Professor Manjula O'Connor on the value of CPD

As a psychiatrist of five decades, I have worked in a range of areas from general to geriatric psychiatry in the hospital system to private practice and women’s mental health. For the past decade I have maintained a strong interest in clinical research in private practice, with a primary focus on migrant mental health and domestic violence.

For me, CPD is not just a paper requirement – it is essential in allowing me to gradually develop my expertise over multiple areas of psychiatry, whilst maintaining the highest standard of my work.

Over the past 15 years I have been developing expertise in areas from acute intervention to prevention of mental illness through trauma and domestic violence. This required reading into the latest evidence in research, understanding and being knowledgeable about the public health system, and making new professional contacts both in and out of psychiatry.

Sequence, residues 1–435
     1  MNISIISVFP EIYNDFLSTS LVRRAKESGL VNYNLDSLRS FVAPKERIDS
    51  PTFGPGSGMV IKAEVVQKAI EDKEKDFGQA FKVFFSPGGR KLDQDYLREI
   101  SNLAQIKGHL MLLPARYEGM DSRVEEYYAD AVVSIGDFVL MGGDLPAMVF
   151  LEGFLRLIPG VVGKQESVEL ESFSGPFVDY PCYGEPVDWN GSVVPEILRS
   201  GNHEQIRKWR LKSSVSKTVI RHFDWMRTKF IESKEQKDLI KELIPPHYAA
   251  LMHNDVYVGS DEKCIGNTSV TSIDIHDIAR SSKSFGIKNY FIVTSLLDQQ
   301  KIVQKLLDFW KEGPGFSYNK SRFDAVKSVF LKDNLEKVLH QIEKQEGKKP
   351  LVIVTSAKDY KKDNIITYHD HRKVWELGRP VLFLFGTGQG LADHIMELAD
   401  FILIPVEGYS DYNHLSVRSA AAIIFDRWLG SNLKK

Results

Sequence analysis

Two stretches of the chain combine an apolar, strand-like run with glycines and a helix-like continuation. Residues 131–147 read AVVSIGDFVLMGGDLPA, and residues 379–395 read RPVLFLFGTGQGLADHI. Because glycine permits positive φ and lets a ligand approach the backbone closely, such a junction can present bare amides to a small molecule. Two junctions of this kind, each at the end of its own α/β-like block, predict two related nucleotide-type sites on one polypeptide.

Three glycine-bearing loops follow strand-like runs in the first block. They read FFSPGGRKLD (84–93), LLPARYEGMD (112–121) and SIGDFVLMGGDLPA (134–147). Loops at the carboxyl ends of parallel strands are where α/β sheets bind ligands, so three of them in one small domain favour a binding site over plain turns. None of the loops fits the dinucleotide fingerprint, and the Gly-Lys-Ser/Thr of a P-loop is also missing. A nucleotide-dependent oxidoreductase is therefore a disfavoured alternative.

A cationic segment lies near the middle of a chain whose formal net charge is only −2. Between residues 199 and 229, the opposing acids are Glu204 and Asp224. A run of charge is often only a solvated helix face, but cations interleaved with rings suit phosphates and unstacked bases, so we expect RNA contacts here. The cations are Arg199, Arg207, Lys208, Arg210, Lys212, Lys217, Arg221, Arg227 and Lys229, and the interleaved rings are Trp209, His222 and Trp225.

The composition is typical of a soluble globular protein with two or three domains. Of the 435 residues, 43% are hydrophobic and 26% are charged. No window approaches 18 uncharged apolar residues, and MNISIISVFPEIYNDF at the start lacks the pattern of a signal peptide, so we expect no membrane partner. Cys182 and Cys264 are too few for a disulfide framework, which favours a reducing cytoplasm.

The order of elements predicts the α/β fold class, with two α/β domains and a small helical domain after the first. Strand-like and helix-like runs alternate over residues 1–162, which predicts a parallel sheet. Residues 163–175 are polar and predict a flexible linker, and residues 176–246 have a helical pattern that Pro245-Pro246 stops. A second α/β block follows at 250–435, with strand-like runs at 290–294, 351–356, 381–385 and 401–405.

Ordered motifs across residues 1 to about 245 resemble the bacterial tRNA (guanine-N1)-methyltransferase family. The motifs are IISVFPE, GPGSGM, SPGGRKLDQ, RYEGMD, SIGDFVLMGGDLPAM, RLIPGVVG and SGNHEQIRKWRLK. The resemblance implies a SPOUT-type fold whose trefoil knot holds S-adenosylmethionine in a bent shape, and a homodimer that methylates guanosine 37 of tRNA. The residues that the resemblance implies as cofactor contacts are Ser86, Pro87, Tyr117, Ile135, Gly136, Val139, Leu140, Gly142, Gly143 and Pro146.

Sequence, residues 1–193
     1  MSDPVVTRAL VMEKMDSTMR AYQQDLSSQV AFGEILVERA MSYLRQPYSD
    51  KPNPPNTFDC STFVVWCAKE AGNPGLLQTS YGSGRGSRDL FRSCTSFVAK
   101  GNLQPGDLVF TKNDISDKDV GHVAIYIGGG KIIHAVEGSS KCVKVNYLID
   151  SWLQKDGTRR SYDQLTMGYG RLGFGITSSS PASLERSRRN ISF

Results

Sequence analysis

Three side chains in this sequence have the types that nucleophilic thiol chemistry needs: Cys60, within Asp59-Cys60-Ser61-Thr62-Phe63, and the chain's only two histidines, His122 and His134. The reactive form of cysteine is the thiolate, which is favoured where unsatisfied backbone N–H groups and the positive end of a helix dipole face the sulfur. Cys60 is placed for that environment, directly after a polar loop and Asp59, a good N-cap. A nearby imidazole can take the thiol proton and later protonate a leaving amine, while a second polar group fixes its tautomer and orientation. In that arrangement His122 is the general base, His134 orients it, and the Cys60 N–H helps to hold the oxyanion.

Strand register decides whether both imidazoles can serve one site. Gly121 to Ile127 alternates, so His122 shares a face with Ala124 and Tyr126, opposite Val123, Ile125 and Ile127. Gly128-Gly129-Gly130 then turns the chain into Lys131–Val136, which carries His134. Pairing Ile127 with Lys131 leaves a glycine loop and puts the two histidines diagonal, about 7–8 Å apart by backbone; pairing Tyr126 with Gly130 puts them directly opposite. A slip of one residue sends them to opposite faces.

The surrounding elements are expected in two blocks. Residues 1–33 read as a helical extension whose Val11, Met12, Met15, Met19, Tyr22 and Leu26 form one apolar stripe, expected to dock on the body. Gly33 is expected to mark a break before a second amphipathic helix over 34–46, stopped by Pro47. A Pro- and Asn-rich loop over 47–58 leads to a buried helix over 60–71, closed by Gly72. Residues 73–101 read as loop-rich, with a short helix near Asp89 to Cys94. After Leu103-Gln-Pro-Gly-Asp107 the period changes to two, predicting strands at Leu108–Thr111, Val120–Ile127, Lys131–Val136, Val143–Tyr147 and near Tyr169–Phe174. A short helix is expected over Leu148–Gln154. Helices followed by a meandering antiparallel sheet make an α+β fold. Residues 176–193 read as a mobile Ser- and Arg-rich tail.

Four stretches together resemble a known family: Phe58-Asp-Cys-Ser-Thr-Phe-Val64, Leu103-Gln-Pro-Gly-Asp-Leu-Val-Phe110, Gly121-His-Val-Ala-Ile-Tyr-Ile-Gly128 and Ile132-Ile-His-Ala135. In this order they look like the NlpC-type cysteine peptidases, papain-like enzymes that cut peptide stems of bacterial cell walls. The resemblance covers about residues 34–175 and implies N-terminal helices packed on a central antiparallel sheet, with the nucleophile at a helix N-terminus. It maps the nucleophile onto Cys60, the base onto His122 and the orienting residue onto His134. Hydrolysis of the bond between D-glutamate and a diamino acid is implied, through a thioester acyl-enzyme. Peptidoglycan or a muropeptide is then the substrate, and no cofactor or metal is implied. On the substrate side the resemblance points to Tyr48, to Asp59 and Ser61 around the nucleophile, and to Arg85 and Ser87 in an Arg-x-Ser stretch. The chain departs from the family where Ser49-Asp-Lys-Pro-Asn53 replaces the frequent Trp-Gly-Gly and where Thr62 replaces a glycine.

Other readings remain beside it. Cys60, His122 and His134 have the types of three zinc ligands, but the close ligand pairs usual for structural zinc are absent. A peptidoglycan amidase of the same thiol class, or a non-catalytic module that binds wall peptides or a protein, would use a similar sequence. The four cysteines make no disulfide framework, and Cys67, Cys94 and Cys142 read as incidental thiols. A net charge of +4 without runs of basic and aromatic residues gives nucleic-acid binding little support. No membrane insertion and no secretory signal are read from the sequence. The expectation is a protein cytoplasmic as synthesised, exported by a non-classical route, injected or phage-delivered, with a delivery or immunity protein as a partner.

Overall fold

This new learning, coupled with new contacts and prevention of mental illness has proved to be an exciting idea that has kept me motivated in learning, collaborating, self-reflecting and eventually publishing my work.

I founded a community-based NGO that has won a dozen grants and has contributed significantly to the landscape of primary prevention of domestic violence in South Asian migrants. I have a strong group of professionals (of all backgrounds) who have all received training to run the prevention projects and work as a team to engage with the community.

These meetings (involving both peers and other professionals) allow for discussions that aim to enhance education and practical skills. This type of work requires a lot of reading, reflection, and discussions so that all projects can be evaluated, and the materials published.

Find out more about the Family Violence Psychiatry Network.


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